You are correct in my Psoriasis is native, my mum’s suffered badly from it in the late 1940s and I remember Grandma telling me stories of trying to clean his teeth and other unpleasant bits and pieces. Sadly I never met Mum’s dad as he died of heart failure in 1959 which is a fair bit before my time and I believe there are only three photos of him. Two of which we found when clearing out Grandma’s house when she passed. For some reason I chose not to attend the funeral despite it meaning I would get two days off school due to distance… Perhaps I didn’t like the idea of going or possibly it’s because I wanted my last memories of Grandma to be of her pottering around the old bungalow and getting me bowls of Sugar Puffs which I never had the heart to say I didn’t like.

    I am recently rediscovering my love of classic radio sitcom The Navy Lark which starred Leslie Philips, Jon Pertwee, Stephen Murray (though it was Dennis Price in the first series but the boxset for series one is going for nearly 200 pounds… I am not willing to pay that much) and a few soon to become household names in supporting roles (Ronnie Barker and June Whitfield to name two).

    I do recall laserdiscs, they never really caught on here did they, but I believe they were big in Japan.

    I do hope that your​ health has improved since you last replied, my dearly beloved has just been released from hospital following a Kidney infection and complications with Gastrointeritis and IBS.

    Like

    • I arrive back only after glitches and illness and life got in the way. I really must find relief from it…especially life. I’m with Marvin there. And also, after composing a reply a few months back, this site proceeded to consume it, and then with typical technological contempt, refused to post it. Perhaps it now considers me unsuitable.

      I do hope that you are now recovered of your Kidney infection and complications with Gastroenteritis and IBS. It all sounds very industrial. A bit like my ravaged digestive system.

      Laserdiscs were indeed big, just not here in the UK. They were also physically big, compared to the successors. We got the usual idiots who declared that Laserdiscs were the “thing” for your home theatre… which of course most people did not have until recently anyway. Now I see that not only do people use downloaded and “downloaded as they watch it” material, they also affect to use digital projectors from their laptops, in lieu of screens. Until recently I myself used a TV box with Windows 10 ‘god help us’, which (as usual) required a little over four hours to persuade it to be remotely useful. Piped through an HDMI cable to a ‘normal’ big screen TV, it worked pretty well, but began to exhibit signs of it’s technological limitation when asked to read material from other systems on my little network. After suffering the induced ‘satellite stutters’ for long enough, that has now gone into the basement in favour of one of the smaller Lenovo laptop/tablets… running (like a fond summer holiday) Windows 7. Pending the HDMI connection (requires an adaptor for Lenovo), the SVGA cable is doing useful duty.

      I had cause just recently to actually buy a DVD… not something I do much at all now. And illustrative of how even that process is now a ‘techno’ event. I wanted an old movie… a really old movie. You’d think it would be a doddle. Not so however. “It Started With a Kiss”, is a romantic comedy in the style of a number of similar offerings of the 50s, usually starring Rock Hudson and Doris Day. All those romantic leads must have been torture for the poor man. Still, they more than paid the bills, I expect. This one stars Debbie Reynolds (once famous in her own right, now known as Carrie Fisher’s mother, until the Star Wars Franchise runs down) and Glen Ford, and a most particular car. The car really was the star of this one. It was, what later came to be, the TV batmobile. Looking at it in this movie, when George Barris was asked to create the Batmobile, and given three weeks in which to do so by 20th Century Fox, on seeing this car, he must have heaved a sigh of relief. But the process of acquiring the DVD was certainly different. It has to be pre-ordered, and then “manufactured” as a result of the order… burned to a blank DVD in other words… and then put into a suitable box with a label from the publicity stills. What takes about ten minutes at home took them some three weeks, and it had to be sent (presumably under plain cover as it was marked specifically as ‘not for export’) from the good ole US of A.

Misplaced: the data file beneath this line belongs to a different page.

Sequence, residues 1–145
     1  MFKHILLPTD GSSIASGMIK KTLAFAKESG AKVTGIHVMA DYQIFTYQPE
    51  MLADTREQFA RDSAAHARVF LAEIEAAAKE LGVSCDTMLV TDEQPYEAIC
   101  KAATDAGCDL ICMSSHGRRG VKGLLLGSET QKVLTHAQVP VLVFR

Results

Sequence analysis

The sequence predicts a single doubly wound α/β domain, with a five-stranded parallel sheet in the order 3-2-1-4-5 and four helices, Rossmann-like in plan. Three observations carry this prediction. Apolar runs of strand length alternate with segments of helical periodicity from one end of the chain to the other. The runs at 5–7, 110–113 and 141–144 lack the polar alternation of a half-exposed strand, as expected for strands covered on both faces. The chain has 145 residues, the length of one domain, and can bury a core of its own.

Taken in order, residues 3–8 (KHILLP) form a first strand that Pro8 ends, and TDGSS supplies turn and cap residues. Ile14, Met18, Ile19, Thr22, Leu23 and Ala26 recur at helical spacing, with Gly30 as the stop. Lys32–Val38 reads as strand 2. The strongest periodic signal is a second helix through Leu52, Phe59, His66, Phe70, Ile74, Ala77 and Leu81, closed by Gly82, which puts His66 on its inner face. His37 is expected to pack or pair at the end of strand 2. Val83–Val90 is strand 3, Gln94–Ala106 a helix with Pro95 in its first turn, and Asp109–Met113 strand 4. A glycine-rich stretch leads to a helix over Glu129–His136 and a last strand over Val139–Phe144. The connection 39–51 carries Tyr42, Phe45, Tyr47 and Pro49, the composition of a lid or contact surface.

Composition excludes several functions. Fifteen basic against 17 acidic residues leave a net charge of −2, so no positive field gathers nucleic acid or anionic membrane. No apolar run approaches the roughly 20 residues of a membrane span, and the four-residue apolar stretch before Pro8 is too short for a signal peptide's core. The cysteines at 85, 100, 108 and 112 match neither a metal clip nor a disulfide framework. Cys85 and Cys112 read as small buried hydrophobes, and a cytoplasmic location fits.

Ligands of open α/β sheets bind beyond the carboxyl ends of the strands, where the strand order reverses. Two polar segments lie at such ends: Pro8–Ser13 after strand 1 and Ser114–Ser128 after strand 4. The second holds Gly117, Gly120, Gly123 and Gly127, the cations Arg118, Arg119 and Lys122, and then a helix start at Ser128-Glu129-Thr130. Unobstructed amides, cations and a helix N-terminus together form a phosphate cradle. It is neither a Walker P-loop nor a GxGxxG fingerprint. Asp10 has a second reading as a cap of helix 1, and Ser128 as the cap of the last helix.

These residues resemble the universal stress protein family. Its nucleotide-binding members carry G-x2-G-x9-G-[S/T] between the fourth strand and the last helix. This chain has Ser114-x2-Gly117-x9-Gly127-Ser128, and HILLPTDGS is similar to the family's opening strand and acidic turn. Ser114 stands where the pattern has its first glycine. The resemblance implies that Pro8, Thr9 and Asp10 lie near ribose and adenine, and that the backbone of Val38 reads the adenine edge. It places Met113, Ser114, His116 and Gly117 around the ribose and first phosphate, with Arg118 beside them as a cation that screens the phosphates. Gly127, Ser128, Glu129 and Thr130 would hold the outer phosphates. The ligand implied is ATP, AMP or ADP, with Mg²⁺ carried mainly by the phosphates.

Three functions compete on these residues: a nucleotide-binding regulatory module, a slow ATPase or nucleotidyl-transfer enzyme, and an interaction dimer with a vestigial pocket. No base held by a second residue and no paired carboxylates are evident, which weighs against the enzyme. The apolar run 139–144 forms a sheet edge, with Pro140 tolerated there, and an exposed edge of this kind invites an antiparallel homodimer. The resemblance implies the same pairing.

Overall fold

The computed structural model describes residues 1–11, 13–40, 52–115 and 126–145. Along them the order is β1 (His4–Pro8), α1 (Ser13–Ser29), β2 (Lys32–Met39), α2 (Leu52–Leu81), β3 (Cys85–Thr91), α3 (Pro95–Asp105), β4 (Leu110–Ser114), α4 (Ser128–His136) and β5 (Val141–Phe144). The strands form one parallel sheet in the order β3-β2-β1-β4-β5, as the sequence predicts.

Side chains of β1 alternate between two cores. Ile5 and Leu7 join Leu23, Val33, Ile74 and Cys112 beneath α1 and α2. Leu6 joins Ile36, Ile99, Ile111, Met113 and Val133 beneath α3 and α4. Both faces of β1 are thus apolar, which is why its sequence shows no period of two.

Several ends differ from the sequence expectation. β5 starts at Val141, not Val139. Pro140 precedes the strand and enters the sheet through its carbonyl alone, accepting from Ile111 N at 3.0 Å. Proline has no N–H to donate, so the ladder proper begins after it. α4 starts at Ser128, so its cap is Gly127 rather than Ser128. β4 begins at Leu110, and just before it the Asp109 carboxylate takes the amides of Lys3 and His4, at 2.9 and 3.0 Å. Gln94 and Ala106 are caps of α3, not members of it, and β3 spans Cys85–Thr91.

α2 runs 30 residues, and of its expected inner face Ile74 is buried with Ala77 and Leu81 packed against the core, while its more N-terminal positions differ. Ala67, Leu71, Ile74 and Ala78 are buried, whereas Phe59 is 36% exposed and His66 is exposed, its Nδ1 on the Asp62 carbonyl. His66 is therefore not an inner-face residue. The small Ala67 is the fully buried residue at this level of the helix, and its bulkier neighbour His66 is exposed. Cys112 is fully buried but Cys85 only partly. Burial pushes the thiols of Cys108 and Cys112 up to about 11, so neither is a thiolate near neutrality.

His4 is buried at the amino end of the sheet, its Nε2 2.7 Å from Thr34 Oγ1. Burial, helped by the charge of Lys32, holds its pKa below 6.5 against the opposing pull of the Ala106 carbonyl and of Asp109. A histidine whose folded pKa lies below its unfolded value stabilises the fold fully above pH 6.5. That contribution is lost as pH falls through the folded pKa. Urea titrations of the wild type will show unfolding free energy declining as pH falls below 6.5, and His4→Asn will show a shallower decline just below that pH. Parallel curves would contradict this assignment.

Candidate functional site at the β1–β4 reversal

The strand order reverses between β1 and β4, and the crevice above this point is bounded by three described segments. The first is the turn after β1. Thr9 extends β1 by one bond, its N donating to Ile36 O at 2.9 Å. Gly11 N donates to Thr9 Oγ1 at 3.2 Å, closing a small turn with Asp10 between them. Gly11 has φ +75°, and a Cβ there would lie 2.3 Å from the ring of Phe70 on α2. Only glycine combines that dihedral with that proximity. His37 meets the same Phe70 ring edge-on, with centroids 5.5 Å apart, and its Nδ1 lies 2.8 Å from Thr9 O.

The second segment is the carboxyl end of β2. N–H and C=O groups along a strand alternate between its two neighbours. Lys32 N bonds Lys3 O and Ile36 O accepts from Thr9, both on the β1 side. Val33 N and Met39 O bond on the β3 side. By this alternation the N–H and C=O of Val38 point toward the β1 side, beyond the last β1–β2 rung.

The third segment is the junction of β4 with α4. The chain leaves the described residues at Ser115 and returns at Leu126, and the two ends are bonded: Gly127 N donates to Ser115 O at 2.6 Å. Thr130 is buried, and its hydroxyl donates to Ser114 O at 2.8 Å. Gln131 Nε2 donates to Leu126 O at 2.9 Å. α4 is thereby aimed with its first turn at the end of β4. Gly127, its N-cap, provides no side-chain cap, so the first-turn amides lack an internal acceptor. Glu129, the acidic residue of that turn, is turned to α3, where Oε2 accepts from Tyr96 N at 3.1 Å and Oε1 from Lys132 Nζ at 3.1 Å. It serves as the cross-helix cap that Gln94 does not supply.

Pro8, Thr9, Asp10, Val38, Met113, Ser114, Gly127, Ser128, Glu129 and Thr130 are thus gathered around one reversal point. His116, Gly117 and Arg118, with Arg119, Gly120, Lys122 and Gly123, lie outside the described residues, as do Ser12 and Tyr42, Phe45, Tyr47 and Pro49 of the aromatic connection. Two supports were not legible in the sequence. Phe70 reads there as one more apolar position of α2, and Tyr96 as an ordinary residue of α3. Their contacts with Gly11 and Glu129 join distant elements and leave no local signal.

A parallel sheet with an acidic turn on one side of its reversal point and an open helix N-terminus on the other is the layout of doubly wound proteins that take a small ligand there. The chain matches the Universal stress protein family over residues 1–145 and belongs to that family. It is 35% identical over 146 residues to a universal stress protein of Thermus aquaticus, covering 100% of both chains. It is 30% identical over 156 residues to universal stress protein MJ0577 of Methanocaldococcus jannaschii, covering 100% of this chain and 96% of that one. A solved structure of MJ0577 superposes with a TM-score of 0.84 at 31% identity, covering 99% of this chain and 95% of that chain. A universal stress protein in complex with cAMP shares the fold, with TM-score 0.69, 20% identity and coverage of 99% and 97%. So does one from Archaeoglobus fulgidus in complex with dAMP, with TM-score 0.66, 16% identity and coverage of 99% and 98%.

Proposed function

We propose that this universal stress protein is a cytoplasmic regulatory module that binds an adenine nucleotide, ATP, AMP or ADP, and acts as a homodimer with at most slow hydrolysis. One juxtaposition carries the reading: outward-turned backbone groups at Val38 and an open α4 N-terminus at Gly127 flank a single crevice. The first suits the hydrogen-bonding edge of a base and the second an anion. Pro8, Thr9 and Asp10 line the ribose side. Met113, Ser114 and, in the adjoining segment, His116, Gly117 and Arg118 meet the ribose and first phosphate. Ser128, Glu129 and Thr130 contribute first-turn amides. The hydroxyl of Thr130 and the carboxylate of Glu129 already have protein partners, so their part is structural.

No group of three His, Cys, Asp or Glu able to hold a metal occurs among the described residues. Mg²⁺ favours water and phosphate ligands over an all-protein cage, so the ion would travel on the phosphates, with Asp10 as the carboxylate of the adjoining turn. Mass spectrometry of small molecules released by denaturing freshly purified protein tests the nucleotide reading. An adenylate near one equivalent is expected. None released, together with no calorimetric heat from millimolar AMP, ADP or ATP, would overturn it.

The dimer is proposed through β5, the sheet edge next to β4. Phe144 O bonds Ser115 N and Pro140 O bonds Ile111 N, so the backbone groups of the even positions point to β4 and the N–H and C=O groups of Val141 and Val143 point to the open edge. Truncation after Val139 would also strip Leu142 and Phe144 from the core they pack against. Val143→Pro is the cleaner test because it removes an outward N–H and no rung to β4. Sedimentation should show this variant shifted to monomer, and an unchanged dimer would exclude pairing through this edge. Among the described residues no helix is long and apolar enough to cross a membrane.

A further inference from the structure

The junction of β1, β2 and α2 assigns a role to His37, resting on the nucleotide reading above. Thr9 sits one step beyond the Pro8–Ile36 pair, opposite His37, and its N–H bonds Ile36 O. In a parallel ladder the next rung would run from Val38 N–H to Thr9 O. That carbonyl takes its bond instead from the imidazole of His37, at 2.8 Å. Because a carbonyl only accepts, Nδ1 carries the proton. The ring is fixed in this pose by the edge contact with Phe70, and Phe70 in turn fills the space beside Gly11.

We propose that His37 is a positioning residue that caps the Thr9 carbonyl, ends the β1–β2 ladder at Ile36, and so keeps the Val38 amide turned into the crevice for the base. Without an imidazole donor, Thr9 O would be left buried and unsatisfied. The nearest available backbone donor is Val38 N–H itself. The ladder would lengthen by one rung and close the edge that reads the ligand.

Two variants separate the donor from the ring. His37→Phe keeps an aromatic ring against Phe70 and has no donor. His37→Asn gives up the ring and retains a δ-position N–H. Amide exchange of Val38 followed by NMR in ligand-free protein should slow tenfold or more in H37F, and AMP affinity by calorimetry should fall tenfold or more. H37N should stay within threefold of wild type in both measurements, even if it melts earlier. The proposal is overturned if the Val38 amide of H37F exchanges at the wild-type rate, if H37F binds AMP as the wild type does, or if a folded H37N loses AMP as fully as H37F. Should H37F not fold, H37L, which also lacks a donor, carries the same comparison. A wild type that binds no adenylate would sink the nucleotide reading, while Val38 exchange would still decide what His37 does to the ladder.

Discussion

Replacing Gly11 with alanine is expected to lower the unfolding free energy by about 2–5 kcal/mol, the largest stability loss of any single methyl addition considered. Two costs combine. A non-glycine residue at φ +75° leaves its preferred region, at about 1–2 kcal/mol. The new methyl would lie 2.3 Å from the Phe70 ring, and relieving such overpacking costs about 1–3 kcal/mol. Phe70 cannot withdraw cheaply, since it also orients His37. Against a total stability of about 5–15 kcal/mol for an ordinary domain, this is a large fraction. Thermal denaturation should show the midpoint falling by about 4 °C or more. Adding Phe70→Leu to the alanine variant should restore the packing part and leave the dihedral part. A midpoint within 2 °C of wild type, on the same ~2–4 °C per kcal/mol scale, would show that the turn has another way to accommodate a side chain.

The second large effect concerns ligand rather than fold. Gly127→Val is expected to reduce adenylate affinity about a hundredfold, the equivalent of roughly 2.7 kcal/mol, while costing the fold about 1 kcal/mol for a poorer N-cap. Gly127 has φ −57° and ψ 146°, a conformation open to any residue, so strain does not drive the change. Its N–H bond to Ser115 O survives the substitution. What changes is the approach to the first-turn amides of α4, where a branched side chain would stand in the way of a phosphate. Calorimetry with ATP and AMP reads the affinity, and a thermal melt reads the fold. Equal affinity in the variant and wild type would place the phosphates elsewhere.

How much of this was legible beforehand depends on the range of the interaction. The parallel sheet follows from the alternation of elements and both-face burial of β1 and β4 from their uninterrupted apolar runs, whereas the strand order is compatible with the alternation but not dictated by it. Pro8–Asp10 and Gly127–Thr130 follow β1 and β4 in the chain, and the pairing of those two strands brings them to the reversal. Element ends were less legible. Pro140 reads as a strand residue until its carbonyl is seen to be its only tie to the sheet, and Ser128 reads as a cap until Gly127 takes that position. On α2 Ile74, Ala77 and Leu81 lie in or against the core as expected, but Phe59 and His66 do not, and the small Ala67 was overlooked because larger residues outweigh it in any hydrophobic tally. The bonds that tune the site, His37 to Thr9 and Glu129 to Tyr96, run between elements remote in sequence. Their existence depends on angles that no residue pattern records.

In something approaching desperation I asked Yahoo to find me some good alternative authors to T Pratchett, but very much in the same vein. I no longer use the original Isis Audio Book CDs that I bought so long ago, having long-since digitised them. But I find that (as with Douglas Adams Hitchiker’s) there are whole passages which I can recite from memory. Time for new material therefore.
      I am in the closing volumes of Ellis Peters’ Cadfael… those volumes which were not made into TV episodes… and can see these suggested titles now in plain sight.
      Perhaps you have insight.
      Now in captivity, the following authors…

      Edward Conlon
      Ernest Cline
      Ian Whates
      Jessica Shirvington
      John Irving
      Lindsey Davis
      Mary Gentle
      Peter James
      Reginald Hill
      Robert Shea and Robert Anton Wilson
      and Tanya Huff

      Like

      • That’s very odd about not being able to post. Perhaps it be better to correspond via e-mail (nicks.fault@googlemail.com).
        The names Reginald Hill and Peter James certainly ring a bell, although off the top of my head I cannot name one of their works, I probably have some of their work in my ever-expanding to read list.
        Currently I am on a bit of a detour into the horror genre with Salem’s Lot currently on the nightstand and novels by Robert Bloch, Ramsey Campbell and Dennis Wheatley propped near by.

        I have heard of these “on demand” DVD services, they are usually on DVD-Rs so I would keep an eye on the state of the disc. It certainly sounds like it is a service on a restricted license, a suitable comparison would be Proper Records who do some excellent box sets of music out of copyright in Europe with detailed booklets with a good overview and details of all the recording dates, a number of which are marked not for sale in America and Canada.

        A small correction, it was my then partner who was suffering from Gastroenteritis and IBS as opposed to me, though I have had a minor “Singing Detective” incident which left me partially bed ridden for a week.

        Thanks for the heads up in regards to the Navy Lark.

        Like

Leave a Reply

Fill in your details below or click an icon to log in:

WordPress.com Logo

You are commenting using your WordPress.com account. Log Out / Change )

Twitter picture

You are commenting using your Twitter account. Log Out / Change )

Facebook photo

You are commenting using your Facebook account. Log Out / Change )

Google+ photo

You are commenting using your Google+ account. Log Out / Change )

Connecting to %s